Instead of supporting the universal messaging standard RCS, Apple CEO wants you to “buy your mom an iPhone.”


One of the first devices to recognize the need for a much more sophisticated messaging system was the iPhone. The iMessage service accomplishes exactly that, but without any restrictions of its own. Fans’ requests for the platform to support RCS chat protocols have grown, but it’s possible that they won’t get their wish anytime soon.

Business tension has always existed between the two parent companies of Android and iOS, Apple and Google. The two tech behemoths compete with one another and have been vying for supremacy in a field that is getting more and more crowded. There have been plenty of advancements in Google and Apple’s mobile operating systems.


Compared to the more traditional SMS system, RCS is a much more sophisticated form of messaging. Although it has a variety of functions, the associated scope is also wider. Unfortunately, because of the competition between the two brands, there are particular obstacles to how it currently operates.

RCS isn’t a priority for Apple when it comes to iPhones.

The iPhones are widely acknowledged to be some of the most advanced technological devices currently in use. However, it doesn’t necessarily follow that advancements cannot be made. Even though Apple’s products are excellent, there are some accessibility areas where it lags behind. Another point of debate is whether or not that is intentional.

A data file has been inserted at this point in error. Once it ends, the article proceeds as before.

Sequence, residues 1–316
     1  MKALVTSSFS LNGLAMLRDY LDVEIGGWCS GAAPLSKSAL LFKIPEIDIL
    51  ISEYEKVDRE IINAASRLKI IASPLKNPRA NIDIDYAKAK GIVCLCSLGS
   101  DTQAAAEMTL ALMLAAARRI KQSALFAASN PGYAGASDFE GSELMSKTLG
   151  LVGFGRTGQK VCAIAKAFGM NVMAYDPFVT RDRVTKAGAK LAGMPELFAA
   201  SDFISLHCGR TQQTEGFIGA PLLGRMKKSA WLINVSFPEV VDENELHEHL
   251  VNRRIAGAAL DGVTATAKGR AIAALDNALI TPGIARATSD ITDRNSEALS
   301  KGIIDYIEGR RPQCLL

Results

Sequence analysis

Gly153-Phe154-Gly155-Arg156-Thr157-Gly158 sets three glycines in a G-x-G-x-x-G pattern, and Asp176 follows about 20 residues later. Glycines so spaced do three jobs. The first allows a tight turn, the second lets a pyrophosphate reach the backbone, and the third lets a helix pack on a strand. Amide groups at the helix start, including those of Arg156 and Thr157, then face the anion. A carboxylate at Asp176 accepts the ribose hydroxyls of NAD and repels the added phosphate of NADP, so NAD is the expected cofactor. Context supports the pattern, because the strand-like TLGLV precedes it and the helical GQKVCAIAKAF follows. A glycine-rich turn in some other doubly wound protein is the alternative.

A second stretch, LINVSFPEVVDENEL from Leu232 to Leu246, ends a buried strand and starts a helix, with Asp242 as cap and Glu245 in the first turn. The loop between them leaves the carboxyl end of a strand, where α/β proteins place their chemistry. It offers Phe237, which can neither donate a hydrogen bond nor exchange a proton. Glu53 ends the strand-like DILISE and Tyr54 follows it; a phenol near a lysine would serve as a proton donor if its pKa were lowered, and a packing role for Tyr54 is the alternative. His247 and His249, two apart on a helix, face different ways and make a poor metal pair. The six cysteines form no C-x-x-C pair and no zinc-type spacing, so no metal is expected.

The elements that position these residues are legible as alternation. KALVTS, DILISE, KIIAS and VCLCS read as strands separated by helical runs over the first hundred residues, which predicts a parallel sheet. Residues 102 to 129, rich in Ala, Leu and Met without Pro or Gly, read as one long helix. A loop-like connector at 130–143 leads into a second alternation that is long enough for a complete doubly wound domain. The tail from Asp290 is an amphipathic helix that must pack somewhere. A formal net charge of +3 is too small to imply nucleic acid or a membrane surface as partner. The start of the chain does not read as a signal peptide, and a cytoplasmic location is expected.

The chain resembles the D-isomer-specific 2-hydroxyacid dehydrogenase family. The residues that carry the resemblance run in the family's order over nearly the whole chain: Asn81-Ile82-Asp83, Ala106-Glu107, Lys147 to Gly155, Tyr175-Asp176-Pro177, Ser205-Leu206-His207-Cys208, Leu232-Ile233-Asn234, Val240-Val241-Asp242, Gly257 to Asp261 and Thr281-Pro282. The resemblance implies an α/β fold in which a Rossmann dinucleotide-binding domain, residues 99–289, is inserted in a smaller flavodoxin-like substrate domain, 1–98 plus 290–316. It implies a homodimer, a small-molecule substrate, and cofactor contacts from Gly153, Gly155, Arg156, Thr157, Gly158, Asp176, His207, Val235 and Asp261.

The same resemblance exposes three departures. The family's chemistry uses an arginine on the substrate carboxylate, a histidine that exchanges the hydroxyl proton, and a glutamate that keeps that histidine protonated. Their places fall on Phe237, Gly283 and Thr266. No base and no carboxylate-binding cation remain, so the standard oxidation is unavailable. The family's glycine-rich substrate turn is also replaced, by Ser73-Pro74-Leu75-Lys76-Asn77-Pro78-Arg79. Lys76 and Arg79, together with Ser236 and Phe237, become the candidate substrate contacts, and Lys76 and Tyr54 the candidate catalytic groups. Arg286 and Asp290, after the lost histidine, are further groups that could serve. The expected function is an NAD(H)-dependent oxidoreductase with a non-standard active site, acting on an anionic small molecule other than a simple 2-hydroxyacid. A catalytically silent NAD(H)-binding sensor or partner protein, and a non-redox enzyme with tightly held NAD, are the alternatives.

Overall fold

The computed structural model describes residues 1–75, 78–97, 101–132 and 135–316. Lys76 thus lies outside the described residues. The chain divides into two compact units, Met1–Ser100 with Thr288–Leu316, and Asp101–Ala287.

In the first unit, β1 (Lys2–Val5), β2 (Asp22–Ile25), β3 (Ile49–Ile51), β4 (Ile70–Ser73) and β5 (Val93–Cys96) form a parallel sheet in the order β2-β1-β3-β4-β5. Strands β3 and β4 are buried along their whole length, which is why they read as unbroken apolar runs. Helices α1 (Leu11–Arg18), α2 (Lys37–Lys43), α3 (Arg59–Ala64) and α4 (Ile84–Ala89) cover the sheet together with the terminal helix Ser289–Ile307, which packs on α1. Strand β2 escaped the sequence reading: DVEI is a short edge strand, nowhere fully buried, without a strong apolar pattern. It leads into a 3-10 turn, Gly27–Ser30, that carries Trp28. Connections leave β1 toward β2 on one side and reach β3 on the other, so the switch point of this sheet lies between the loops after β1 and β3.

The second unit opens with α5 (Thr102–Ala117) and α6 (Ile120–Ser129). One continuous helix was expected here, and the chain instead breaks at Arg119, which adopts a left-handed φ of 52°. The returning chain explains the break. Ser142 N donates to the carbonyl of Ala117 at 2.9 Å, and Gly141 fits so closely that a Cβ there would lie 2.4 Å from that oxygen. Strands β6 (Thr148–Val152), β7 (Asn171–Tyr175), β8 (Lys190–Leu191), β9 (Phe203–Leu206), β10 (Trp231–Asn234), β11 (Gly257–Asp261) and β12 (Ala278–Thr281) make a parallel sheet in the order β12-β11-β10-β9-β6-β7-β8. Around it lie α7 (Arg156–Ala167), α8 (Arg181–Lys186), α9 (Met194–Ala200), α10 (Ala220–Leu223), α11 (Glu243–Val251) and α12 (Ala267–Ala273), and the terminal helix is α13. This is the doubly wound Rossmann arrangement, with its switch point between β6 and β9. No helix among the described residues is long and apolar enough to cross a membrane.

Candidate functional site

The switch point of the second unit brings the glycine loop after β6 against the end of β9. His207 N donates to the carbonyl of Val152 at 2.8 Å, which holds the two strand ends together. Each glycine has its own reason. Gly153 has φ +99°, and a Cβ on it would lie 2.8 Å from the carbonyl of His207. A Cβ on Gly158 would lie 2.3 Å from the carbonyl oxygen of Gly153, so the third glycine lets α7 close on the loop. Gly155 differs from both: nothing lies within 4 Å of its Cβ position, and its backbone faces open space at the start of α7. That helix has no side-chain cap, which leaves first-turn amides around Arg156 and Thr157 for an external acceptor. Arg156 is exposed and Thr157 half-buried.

Tim Cook, CEO of Apple, had an odd response when asked about turning on RCS support in the iMessage app at the 2022 Code Conference. Along with Jony Ive and Laurene Powell Jobs, Cook participated in a panel discussion and answered questions from the audience.

Cook claims that RCS support for iPhones won’t come anytime soon because it’s not a top priority. He continued by saying that since iPhone users had not made comparable demands, it’s possible that’s why they gave it less of a priority. Cook suggested the asker purchase his beloved mother, an Apple flagship device, to fix the issue.

Tim Cook replies to a query at Code, “I don’t hear our users asking that we put a lot of energy” into RCS. “I can’t send my mom certain videos,” the inquirer responds. “Buy your mom an iPhone,” Tim advises. “I would love to convert you to an iPhone.”

Even though the response may have been intended to be humorous, it once again demonstrates Apple’s resistance to following Google’s lead. The latter has pushed Apple to make its platforms more amenable to the RCS protocol for messaging. Sadly, Apple hasn’t taken that into account and keeps making its products regardless of what customers want.

If there is a benefit to be gained, RCS support for iMessage may come about in the future. Cook concluded by saying that turning on RCS support was low on their priority list, but this does not rule out a possibility.


Micheal Kurt

I earned a bachelor's degree in exercise and sport science from Oregon State University. He is an avid sports lover who enjoys tennis, football, and a variety of other activities. He is from Tucson, Arizona, and is a huge Cardinals supporter.

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